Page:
- Serevent uses
- Serevent other uses for
- Serevent effects of serevent
- Serevent side effects
- Serevent serious side effects
- Serevent drug
- Serevent dosage
- Serevent action
- Serevent used to treat
- Serevent mg
- Serevent adverse effects
Other uses for this medicine
This medication may be prescribed for other uses; ask your doctor or pharmacist for more information.
What special dietary instructions should I follow?
Unless your doctor tells you otherwise, continue your normal diet.
What other information should I know?
Keep all appointments with your doctor.
Do not let anyone else use your medication. Ask your pharmacist any questions you have about refilling your prescription.
It is important for you to keep a written list of all of the prescription and nonprescription (over-the-counter) medicines you are taking, as well as any products such as vitamins, minerals, or other dietary supplements. You should bring this list with you each time you visit a doctor or if you are admitted to a hospital. It is also important information to carry with you in case of emergencies.
Is salmeterol safe to take if I'm pregnant or breastfeeding?
Adequate studies of salmeterol during pregnancy have not been done. In some, but not all, pregnant animal models exposure to very high doses of oral salmeterol has led to offspring with birth defects. The concentrations of salmeterol in the blood after these very high doses, however, were much higher than the concentrations observed after inhalation. Salmeterol inhalation should be used during pregnancy only if the potential benefit justifies the potential risk to the fetus.
In rats, salmeterol is excreted in milk. Therefore, caution should be exercised when salmeterol is administered to nursing women.
Side Effects of Serevent
Serevent can cause serious side effects, including:
- See “Serevent Precautions”
- serious allergic reactions. Call your healthcare provider or get emergency medical care if you get any of the following symptoms of a serious allergic reaction:
- swelling of the face, mouth, and tongue
- breathing problems
- sudden breathing problems immediately after inhaling your medicine
- effects on heart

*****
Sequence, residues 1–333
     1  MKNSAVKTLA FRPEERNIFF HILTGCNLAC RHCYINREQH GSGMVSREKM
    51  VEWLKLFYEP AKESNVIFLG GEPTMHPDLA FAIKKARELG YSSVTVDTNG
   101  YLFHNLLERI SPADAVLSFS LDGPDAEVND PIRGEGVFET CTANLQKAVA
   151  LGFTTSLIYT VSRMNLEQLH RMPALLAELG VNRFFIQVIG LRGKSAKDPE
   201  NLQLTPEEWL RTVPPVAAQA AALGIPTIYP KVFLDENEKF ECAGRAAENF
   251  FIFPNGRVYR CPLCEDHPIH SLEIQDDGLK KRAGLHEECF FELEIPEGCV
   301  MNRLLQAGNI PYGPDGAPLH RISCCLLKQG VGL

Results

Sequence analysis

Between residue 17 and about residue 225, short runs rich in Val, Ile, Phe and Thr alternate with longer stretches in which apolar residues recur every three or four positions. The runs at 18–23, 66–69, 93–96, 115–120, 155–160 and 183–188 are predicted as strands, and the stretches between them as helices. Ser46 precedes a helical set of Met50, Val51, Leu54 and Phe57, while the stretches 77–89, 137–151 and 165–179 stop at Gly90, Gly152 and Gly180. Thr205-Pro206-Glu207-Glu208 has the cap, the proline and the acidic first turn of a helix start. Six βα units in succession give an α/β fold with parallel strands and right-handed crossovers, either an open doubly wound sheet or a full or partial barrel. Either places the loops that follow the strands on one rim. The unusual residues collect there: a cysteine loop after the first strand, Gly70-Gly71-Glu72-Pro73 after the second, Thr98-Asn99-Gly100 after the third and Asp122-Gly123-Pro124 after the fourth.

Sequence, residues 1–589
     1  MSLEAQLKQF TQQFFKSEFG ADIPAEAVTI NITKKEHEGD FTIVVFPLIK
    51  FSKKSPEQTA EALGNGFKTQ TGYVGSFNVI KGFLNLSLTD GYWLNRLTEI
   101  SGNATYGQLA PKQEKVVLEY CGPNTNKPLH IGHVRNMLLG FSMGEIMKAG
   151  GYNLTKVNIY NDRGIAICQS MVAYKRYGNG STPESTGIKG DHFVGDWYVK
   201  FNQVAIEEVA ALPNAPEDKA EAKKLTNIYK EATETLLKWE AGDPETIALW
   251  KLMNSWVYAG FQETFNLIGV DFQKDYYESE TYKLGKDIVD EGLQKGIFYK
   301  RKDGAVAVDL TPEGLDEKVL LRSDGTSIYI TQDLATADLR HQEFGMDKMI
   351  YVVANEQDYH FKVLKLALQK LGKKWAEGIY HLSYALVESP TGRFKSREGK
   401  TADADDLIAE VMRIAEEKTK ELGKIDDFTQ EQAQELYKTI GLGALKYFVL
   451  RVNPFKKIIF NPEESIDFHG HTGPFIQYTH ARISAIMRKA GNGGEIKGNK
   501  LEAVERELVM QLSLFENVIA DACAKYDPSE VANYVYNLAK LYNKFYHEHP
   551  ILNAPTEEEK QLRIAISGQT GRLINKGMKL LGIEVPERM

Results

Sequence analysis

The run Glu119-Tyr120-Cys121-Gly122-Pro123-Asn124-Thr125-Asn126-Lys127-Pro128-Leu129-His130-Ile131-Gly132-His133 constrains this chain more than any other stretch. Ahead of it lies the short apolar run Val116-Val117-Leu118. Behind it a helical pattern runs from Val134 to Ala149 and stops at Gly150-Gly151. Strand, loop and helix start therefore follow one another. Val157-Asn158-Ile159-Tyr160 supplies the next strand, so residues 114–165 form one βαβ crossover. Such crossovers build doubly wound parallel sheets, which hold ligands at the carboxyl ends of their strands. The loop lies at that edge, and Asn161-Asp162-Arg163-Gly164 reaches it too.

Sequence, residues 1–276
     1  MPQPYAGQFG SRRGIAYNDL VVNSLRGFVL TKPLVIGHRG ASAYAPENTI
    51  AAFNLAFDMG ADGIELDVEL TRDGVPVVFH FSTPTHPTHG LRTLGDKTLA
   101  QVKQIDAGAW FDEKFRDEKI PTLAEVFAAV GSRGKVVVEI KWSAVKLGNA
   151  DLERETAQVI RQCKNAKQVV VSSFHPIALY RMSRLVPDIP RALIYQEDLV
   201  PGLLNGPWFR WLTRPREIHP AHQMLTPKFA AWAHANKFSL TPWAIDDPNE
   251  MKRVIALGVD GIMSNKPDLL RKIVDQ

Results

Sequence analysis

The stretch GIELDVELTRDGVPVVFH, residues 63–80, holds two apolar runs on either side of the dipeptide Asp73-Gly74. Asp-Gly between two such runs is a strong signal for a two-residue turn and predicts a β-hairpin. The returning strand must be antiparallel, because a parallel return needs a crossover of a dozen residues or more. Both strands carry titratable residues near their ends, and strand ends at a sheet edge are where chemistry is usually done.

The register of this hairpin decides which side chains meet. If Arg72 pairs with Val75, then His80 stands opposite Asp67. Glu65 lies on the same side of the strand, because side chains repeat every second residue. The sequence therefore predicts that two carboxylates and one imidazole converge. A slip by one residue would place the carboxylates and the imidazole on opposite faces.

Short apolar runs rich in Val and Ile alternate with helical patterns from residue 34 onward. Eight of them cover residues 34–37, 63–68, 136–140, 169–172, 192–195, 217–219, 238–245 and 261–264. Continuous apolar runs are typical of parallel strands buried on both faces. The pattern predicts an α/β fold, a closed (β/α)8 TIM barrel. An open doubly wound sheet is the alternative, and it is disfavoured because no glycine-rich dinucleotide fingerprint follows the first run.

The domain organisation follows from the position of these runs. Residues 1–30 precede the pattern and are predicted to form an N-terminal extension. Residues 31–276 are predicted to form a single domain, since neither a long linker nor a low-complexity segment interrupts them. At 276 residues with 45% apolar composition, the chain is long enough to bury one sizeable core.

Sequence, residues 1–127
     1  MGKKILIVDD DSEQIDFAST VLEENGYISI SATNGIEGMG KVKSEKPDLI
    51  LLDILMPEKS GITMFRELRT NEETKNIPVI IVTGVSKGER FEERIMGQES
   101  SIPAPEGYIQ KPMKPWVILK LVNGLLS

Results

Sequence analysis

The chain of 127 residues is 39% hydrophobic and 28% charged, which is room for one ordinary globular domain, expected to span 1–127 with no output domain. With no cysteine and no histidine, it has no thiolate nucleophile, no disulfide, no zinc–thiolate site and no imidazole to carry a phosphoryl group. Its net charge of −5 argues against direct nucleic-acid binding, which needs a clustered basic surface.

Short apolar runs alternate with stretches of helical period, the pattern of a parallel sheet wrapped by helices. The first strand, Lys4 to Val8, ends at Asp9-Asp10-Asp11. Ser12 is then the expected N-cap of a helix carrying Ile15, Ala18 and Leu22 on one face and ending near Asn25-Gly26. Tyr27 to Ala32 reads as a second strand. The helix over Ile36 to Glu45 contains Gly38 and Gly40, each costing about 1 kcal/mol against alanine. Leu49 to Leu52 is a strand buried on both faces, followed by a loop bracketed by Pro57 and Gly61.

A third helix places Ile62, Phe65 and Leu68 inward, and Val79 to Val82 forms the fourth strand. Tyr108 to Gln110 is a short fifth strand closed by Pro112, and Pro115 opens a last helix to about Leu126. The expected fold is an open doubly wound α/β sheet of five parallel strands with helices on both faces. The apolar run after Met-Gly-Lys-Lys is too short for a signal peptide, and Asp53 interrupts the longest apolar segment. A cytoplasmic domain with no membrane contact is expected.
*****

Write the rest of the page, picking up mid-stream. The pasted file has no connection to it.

- increased blood pressure
- a fast or irregular heartbeat
- chest pain
- effects on nervous system
- changes in blood (sugar, potassium)
Common side effects of Serevent include:
Asthma in adults and children:
- nasal congestion
- throat irritation
- runny nose
Chronic obstructive pulmonary disease:
- musculoskeletal pain
- throat irritation
- respiratory infection
Tell your healthcare provider about any side effect that bothers you or that does not go away.
These are not all the side effects with Serevent. Ask your healthcare provider or pharmacist for more information.
Call your doctor for medical advice about side effects. You may report side effects to FDA at 1-800-FDA-1088.
Serevent can cause serious side effects, including:
1. People with asthma who take long-acting beta2-adrenergic agonist (LABA) medicines such as Serevent have an increased risk of death from asthma problems. Call your healthcare provider if breathing problems worsen over time while using Serevent. You may need a different treatment.
Get emergency treatment
- breathing problems worsen quickly
- you use your rescue inhaler medicine, but it does not relieve your breathing problems
Do not take Serevent:
- to treat your asthma without an asthma medicine known as an inhaled corticosteroid
- if you are allergic to Serevent or any of the ingredients in Serevent
- breathing problems worsen quickly, and you use your rescue inhaler medicine, but it does not relieve your breathing problems
2. Do not use Serevent as your only asthma medicine. Serevent must only be used with a long-term asthma-control medicine, such as an inhaled corticosteroid.